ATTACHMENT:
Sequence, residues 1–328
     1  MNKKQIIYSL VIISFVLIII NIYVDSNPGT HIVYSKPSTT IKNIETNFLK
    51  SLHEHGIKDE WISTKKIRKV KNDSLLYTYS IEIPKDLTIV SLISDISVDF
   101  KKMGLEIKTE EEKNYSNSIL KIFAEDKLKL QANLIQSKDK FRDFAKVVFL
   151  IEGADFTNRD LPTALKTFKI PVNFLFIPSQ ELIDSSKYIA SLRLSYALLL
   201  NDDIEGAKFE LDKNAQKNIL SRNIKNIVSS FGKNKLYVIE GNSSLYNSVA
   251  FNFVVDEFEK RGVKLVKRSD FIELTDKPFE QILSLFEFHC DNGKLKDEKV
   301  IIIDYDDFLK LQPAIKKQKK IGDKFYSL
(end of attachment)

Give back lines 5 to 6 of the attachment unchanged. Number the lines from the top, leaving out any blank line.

   151  IEGADFTNRD LPTALKTFKI PVNFLFIPSQ ELIDSSKYIA SLRLSYALLL
   201  NDDIEGAKFE LDKNAQKNIL SRNIKNIVSS FGKNKLYVIE GNSSLYNSVA